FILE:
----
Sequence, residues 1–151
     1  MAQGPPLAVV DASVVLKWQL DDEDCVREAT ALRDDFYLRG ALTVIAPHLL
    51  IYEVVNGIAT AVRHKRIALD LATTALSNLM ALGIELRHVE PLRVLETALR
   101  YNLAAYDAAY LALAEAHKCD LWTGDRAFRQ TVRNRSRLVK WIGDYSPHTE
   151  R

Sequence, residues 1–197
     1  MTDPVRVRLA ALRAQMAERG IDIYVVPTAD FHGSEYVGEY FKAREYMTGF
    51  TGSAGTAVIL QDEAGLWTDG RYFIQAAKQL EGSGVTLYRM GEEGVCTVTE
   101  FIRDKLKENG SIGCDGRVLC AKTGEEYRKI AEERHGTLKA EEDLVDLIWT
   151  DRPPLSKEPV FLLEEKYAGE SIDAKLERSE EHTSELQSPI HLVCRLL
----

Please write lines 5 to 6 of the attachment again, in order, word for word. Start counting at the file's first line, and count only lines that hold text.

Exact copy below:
   151  R

Sequence, residues 1–197